Ahh the holidays! Makes us think of hot cocoa, sweet music, presents, snow, and STRESS!
Cooking and slaving. Lights and expectations. Family and tension.
It’s no wonder that therapists and holistic healers experience a spike in the amount of bookings as they near the holiday season. Sometimes people need extra massages, coaching, and therapy sessions just to help them survive their family reunions.
Well, they are on the right track. There are many things we can do to help ourselves “Survive the Holidays” .
Here is your “good list” of holiday tools for all the “naughty encounters” you need to prepare for!
1) Allow yourself to “indulge” – and set a time limit for it!
Have no guilt when you dig into your second plate, bite into that cake, or drink five cups of hot cocoa in one night while binging on an old TV show. This is YOUR time. Hibernate on that old couch in your onesie while holding Mr. teddy bear tight, and feel no shame about your wild birdsnest hair.
2) Think of it as a “vacation”!
It’s called a “holiday” afterall, but you’d be surprised how many people forget. This is your time to reward yourself for all your hard work, so put that laptop away and keep your work calls to a minimum. It doesn’t mean we have to forget about running our business, but it does mean we can trim down our busy tree in order to fully be present.
“Ideal Holiday” “Ideal Family” “Ideal Meal” “Ideal Present” – those are ideal ways to set yourself up for unrealistic expectations. Instead, remember that nothing is perfect. Or, as I like to say, perfection lies in imperfections.
4) Take time for yourself
Retreat AWAY from all the commotion. Whether it’s a large gathering, endless holiday shopping, or constant Christmas tunes about santa on the radio- it can get to be a bit much. If you find yourself getting annoyed at other people or getting a headache- do yourself and everyone else a favor and EXCUSE yourself politely to gather your bearings. It’s HEALTHY to take time for yourself. As much as we at Breaking Taboo love advocating conversations, sometimes, silence is golden.
Which brings us to:
5) Who cares what everyone else thinks?
I get it, you haven’t seen your parents in a year, your grandparents in three, and your uncle in five. Everyone’s coming to the reunion and everyone’s got an opinion FOR you, and, ABOUT you. Maybe you’re bringing someone you love home and are worried about everyone else’s reactions. FORGET what everyone else thinks. Everyone deserves to be happy, but no one deserves it at anyone else’s expense, including yours.
6) Control what you can and let the rest go.
Functioning in a healthy way in the face of DYSFUNCTION means not handing over your emotions to anyone else. If someone is behaving in a way that is inappropriate, know that the behavior is their choice, and you have a choice as to how to respond.
You may need to “be the bigger person” for the time being, and then choose a later time to have a real conversation with this person about what is REALLY going on. Use conversation as a stepping stone to understand one another and create change. Getting through something together is always better than harboring resentment. Or, you just might choose to let this one go, especially if you only interact with this person once a year.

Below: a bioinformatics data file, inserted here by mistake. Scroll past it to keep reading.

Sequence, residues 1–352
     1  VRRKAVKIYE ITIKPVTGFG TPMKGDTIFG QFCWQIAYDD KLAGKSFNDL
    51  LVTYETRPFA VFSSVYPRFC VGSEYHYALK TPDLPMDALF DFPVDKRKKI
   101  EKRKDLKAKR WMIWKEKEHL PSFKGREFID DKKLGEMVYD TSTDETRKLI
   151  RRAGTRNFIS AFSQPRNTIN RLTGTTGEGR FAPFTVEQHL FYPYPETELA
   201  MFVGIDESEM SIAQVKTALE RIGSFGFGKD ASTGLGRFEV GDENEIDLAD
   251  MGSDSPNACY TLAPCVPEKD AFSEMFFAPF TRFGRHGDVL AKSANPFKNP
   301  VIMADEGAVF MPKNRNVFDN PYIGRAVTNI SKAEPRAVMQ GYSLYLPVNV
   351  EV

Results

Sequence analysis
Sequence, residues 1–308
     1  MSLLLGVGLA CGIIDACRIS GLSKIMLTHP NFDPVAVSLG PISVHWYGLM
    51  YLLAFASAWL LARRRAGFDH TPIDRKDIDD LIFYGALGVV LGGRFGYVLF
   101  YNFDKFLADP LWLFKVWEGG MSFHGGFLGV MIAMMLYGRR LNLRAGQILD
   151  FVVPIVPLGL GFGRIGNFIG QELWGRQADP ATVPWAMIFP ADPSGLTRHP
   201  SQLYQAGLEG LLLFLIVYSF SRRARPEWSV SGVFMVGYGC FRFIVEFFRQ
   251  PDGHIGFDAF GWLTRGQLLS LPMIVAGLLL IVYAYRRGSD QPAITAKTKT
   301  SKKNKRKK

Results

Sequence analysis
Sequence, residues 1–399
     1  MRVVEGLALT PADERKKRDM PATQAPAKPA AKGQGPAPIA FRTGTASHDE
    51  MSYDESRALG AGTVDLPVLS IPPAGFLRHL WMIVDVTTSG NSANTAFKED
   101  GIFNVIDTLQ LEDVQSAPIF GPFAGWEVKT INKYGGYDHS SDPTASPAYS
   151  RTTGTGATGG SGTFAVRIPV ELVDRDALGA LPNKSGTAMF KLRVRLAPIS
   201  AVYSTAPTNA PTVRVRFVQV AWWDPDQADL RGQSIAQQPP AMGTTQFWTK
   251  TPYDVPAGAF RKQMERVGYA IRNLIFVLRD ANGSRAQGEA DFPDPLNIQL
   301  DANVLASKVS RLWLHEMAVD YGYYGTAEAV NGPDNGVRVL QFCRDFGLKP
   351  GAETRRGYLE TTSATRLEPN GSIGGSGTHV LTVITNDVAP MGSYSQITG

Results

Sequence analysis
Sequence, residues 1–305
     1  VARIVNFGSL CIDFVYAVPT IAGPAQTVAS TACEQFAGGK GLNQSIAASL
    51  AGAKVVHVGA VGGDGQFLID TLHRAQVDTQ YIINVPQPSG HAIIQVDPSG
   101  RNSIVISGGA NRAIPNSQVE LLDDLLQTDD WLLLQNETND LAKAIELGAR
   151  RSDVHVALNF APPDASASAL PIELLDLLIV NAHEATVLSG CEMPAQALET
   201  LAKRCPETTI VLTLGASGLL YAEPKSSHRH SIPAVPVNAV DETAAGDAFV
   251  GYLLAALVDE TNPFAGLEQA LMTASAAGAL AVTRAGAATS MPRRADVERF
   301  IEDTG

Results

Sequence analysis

7) You don’t have to let fights happen, and, fights CAN happen- and that’s OK.
When people get cooped up in tight spaces for a long period of time, they can get on each other’s nerves. Sometimes a “long time” is a week or a day, sometimes it only takes an hour before mom and dad are berating your life choices or your brother’s got mixed feelings about your relationships, and wham- it’s another screaming frenzy. Hey, look at it this way, sometimes letting emotions out at least beats awkward silence.
Another form of fighting is not fighting at all. Maybe it IS silence that is used as a form of attack. Passive aggression is still aggression, it’s just using passiveness as the tool to attack.
People fight for things that they think are worth fighting for. It shows that they care. Often, what is hiding behind any kind of aggression is fear. It’s YOUR choice, but you do have an option of listening and finding out what is REALLY going on. Sometimes, the reason might be different than what you think.
A strange thing happens, getting together with family can slip even the BEST of us back into the old roles that were given to us since childhood. Sometimes, when adults get thrown back into family dynamics- they start becoming the kid they used to be.
Slipping back into old social patterns can easily make one slip back into old habits and old thoughts. The good news is, You do not have to be TRAPPED by familiarity.
Remember, you are NOT the same person as you were five, ten, twenty, thirty years ago- and neither are the other people in your family. It’s easy to slide back into roles like “youngest baby” “Care-taker”, “black sheep”, “responsible one”, “The one who never has their -bleep- together”, but the fact is, these are all roles that you used to play in a family, way back when you still lived with that family every day.
The beautiful thing about growing up, is, well, growing up!
9) This is today, not yesterday.
Reuniting can make us be who we WERE instead of who we ARE. People tend to jump backwards, into a very old, tired story in which everyone plays the same characters but no one really wants to play them anymore.
Keep in mind that everyone has grown and changed. Try to “See” and threat them as the person they have become, not who they were in your memory of them, and you will get the same respect in return. The truth is, they’ve probably worked hard to become the person they are today, and you would be helping them just as much as you’d be helping yourself to recognize what’s in front of you, rather than what you have remember from their past.